"Brothers and sisters, stop thinking like children.... [I]n your thinking be adults" (1 Corinthians 14:20). Why isn't that ever the memory verse?
God made us rational beings. That's part of being made in his image. And -- in the Bible -- he's given us a rational revelation of himself and his will which he obviously intended for us to study.
Furthermore, every aspect of Christian discipleship depends on our willingness to think and reflect upon God's glory, God's faithfulness and God's desire for our lives.
Finally, like the earliest apostles, we are called to not only "preach" the gospel but to "defend" and "argue" it so as to "persuade" people of its truthfulness (cf. Acts 17; 19:8; 2 Corinthians 5:11; Philippians 1:7).
I don't know if you've ever thought about this or not, but, in the Old Testament, the great declaration of faith of God's chosen people was Deuteronomy 6:4-5: "Hear, O Israel: The Lord our God, the Lord is one. Love the Lord your God with all your heart and with all your soul and with all your strength."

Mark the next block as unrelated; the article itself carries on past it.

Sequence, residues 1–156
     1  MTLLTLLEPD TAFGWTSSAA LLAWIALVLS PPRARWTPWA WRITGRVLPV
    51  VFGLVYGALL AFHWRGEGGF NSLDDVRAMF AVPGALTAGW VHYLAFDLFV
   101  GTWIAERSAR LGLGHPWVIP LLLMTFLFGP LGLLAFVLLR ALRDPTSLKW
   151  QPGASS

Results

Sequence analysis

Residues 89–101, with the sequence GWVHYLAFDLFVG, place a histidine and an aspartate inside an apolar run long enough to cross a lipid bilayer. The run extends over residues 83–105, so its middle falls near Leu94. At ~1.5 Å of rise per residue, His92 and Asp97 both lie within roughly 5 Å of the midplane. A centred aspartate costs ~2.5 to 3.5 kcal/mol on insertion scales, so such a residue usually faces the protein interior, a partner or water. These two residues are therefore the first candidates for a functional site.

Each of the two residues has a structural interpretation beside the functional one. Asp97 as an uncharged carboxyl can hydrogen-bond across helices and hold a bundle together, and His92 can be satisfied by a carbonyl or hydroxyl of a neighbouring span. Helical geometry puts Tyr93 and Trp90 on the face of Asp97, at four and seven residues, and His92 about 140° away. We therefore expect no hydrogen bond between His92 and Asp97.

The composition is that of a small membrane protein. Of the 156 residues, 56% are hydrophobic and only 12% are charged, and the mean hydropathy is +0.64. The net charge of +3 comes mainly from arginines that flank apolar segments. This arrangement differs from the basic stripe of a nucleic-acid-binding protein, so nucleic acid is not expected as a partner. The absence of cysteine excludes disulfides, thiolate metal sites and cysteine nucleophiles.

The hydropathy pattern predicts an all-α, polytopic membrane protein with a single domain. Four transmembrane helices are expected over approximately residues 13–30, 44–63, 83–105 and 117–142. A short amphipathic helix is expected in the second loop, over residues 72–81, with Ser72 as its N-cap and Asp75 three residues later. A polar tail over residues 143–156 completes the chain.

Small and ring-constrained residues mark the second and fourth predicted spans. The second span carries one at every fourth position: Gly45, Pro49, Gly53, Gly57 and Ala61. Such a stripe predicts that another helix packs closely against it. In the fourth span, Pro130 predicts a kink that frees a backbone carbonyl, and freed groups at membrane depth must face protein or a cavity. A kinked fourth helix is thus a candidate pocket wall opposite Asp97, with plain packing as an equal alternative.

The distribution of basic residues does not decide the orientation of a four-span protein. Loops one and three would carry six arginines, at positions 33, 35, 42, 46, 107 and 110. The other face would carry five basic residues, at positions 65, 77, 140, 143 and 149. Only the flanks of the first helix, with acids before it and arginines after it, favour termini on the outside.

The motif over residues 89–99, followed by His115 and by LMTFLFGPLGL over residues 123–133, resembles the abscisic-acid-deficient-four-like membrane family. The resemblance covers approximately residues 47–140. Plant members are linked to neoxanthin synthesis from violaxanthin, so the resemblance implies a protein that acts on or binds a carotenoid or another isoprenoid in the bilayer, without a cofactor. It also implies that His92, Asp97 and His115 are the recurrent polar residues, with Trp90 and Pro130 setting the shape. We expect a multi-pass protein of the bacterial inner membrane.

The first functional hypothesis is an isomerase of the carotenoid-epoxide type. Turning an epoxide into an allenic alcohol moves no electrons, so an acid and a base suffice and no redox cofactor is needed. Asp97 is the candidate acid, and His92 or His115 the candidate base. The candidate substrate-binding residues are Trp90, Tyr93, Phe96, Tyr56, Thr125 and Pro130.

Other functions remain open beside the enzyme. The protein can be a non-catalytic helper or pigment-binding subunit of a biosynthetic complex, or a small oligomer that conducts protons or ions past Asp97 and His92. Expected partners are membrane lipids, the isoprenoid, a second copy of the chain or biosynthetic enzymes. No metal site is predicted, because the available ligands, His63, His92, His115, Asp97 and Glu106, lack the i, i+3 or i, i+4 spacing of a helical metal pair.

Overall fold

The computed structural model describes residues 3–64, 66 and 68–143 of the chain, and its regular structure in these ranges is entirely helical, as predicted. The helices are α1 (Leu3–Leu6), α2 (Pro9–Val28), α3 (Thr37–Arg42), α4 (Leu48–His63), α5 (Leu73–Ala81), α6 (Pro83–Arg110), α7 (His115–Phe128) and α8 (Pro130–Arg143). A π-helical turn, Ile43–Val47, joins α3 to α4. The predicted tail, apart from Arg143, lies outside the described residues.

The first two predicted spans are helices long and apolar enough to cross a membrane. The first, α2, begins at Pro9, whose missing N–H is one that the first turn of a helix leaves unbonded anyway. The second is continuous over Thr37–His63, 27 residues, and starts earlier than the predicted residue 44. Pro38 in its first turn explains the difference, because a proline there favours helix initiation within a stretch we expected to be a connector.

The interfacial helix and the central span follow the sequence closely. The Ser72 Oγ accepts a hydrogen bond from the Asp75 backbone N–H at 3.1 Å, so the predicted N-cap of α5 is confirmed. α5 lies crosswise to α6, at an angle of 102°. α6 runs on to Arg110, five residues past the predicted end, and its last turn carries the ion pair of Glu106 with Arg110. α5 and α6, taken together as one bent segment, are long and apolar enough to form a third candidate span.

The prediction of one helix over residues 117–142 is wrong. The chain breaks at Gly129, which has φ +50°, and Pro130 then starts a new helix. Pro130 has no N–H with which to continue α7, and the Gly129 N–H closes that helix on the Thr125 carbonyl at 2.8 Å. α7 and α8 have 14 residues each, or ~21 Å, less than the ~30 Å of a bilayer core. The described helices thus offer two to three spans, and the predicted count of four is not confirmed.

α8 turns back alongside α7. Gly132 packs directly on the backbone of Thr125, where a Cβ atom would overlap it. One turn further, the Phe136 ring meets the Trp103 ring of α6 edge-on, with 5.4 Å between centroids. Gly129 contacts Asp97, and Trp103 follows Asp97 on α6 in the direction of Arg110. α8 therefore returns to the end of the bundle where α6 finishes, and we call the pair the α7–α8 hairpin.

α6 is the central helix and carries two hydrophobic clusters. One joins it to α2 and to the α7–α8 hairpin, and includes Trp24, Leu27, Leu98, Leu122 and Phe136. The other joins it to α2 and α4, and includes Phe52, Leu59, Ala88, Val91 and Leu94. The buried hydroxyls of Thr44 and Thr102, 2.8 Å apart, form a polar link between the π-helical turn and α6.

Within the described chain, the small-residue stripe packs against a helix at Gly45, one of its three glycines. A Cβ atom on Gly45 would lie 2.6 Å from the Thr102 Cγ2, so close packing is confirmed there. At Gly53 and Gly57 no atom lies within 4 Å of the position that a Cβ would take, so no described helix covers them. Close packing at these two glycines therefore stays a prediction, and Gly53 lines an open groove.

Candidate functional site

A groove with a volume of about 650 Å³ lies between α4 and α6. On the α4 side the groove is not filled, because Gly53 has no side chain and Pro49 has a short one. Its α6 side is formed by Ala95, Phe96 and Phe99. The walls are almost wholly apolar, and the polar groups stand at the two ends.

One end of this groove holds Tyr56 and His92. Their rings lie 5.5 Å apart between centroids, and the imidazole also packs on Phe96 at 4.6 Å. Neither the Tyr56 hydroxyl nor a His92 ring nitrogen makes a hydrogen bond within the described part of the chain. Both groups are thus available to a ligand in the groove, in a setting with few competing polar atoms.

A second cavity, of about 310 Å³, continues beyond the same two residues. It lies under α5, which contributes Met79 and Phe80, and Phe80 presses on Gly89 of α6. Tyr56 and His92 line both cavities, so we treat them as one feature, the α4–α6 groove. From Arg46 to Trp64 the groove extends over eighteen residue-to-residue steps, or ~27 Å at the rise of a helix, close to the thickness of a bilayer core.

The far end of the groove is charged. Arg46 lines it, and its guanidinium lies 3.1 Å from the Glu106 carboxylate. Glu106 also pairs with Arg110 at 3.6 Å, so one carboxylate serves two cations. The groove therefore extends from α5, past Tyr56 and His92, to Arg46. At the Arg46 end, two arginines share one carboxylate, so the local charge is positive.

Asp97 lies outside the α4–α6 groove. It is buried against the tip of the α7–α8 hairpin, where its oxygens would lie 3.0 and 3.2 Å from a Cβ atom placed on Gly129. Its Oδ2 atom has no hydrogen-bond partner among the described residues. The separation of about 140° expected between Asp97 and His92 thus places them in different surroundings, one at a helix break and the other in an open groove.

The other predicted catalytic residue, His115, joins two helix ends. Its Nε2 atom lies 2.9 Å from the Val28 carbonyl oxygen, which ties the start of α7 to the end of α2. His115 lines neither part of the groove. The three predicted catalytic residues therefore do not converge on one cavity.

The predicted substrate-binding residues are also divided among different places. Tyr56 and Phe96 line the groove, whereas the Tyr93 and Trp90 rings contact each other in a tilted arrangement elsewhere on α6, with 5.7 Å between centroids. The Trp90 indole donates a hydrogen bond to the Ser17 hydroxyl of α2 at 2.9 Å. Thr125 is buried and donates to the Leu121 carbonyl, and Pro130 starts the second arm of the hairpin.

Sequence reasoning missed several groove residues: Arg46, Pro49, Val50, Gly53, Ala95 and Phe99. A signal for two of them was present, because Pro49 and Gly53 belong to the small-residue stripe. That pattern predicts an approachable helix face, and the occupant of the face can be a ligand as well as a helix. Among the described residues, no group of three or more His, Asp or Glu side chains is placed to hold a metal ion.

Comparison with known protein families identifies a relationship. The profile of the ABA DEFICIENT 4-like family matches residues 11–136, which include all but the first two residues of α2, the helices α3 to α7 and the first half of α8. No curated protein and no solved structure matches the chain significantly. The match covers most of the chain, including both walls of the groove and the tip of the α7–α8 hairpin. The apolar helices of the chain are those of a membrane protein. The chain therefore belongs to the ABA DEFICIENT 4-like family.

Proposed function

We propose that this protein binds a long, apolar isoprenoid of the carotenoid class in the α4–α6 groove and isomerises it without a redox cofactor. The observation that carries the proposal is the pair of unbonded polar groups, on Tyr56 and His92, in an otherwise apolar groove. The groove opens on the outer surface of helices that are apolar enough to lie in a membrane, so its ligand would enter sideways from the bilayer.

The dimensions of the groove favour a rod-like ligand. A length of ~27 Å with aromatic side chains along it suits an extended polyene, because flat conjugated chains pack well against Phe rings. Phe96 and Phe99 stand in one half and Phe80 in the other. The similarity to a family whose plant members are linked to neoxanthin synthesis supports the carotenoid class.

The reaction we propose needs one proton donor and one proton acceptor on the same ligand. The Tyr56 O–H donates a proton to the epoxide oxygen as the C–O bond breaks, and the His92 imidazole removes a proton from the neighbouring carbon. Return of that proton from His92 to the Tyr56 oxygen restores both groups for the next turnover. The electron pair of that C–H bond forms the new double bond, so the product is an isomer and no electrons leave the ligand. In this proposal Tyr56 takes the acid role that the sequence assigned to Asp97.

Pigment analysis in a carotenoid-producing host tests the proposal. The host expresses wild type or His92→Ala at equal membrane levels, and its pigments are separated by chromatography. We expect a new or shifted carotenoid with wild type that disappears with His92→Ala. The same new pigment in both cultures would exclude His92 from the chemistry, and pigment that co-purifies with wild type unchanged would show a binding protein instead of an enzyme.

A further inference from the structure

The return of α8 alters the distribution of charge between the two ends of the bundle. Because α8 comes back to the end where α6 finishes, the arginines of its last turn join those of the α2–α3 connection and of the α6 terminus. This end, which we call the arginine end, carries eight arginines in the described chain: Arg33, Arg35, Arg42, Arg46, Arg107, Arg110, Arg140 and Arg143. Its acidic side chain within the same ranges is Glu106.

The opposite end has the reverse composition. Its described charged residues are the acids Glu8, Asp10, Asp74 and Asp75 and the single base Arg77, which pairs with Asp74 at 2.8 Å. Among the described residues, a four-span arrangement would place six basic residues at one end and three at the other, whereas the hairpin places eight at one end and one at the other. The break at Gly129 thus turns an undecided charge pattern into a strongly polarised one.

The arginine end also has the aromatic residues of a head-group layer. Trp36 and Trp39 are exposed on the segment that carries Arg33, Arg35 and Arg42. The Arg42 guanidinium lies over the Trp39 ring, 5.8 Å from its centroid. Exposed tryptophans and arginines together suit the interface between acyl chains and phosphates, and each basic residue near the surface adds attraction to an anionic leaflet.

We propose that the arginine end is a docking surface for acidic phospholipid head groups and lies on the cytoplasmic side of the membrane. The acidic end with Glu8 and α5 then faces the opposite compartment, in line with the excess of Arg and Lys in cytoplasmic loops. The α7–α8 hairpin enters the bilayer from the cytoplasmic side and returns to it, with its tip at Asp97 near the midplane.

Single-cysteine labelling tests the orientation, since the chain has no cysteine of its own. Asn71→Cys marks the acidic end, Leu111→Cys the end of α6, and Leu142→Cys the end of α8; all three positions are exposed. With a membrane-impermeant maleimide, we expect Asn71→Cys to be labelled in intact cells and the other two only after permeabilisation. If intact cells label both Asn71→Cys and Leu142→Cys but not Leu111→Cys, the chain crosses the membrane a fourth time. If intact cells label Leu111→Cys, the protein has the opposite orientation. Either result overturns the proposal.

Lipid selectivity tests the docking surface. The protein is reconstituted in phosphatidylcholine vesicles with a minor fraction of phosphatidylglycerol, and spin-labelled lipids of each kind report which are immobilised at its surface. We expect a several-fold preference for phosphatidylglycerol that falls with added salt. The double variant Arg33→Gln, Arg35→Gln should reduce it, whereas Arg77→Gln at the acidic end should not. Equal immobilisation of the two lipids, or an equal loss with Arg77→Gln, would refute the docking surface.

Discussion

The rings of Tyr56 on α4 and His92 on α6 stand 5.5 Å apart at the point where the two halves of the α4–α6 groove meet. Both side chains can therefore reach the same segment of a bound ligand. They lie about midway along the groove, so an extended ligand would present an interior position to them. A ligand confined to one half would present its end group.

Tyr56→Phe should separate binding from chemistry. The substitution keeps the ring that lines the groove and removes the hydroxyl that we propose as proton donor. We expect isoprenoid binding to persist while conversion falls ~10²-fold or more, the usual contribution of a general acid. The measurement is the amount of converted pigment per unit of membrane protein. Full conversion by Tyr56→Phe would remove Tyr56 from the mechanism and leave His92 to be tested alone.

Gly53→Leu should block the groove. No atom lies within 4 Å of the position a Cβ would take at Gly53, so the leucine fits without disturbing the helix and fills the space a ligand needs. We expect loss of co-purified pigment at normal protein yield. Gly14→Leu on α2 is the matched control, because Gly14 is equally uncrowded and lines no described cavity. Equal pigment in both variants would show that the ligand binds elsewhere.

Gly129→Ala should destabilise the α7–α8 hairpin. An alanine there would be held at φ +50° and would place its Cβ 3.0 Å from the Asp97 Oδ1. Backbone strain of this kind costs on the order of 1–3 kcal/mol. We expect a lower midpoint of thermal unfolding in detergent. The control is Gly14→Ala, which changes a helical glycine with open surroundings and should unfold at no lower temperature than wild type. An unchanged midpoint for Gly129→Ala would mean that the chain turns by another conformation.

But when Jesus lived on earth, someone once asked him to recite this great command, and Jesus made an interesting addition. Jesus quoted it, "Love the Lord your God with all your heart and with all your soul and with all your mind and with all your strength" (Mark 12:30).
So, either Jesus misquoted the text, or he thought it was important enough to add the bit about loving God with all your mind.
What are some other reasons why you think it might be important to love God with all your mind?